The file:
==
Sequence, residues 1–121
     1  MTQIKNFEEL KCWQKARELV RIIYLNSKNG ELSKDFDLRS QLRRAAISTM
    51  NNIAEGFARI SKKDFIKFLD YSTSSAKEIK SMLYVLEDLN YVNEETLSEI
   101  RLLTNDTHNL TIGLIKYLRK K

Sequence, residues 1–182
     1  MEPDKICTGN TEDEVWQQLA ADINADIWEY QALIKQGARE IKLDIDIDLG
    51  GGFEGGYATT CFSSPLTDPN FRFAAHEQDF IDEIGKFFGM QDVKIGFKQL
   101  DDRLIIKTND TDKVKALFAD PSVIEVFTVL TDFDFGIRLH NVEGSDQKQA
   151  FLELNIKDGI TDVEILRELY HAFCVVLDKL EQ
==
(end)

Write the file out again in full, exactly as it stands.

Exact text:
Sequence, residues 1–121
     1  MTQIKNFEEL KCWQKARELV RIIYLNSKNG ELSKDFDLRS QLRRAAISTM
    51  NNIAEGFARI SKKDFIKFLD YSTSSAKEIK SMLYVLEDLN YVNEETLSEI
   101  RLLTNDTHNL TIGLIKYLRK K

Sequence, residues 1–182
     1  MEPDKICTGN TEDEVWQQLA ADINADIWEY QALIKQGARE IKLDIDIDLG
    51  GGFEGGYATT CFSSPLTDPN FRFAAHEQDF IDEIGKFFGM QDVKIGFKQL
   101  DDRLIIKTND TDKVKALFAD PSVIEVFTVL TDFDFGIRLH NVEGSDQKQA
   151  FLELNIKDGI TDVEILRELY HAFCVVLDKL EQ